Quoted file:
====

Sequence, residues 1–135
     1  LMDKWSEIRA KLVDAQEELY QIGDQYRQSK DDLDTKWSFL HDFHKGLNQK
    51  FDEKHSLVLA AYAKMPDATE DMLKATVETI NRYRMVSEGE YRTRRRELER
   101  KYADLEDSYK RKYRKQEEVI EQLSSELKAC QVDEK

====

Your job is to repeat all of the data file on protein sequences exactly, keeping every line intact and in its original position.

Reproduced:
Sequence, residues 1–135
     1  LMDKWSEIRA KLVDAQEELY QIGDQYRQSK DDLDTKWSFL HDFHKGLNQK
    51  FDEKHSLVLA AYAKMPDATE DMLKATVETI NRYRMVSEGE YRTRRRELER
   101  KYADLEDSYK RKYRKQEEVI EQLSSELKAC QVDEK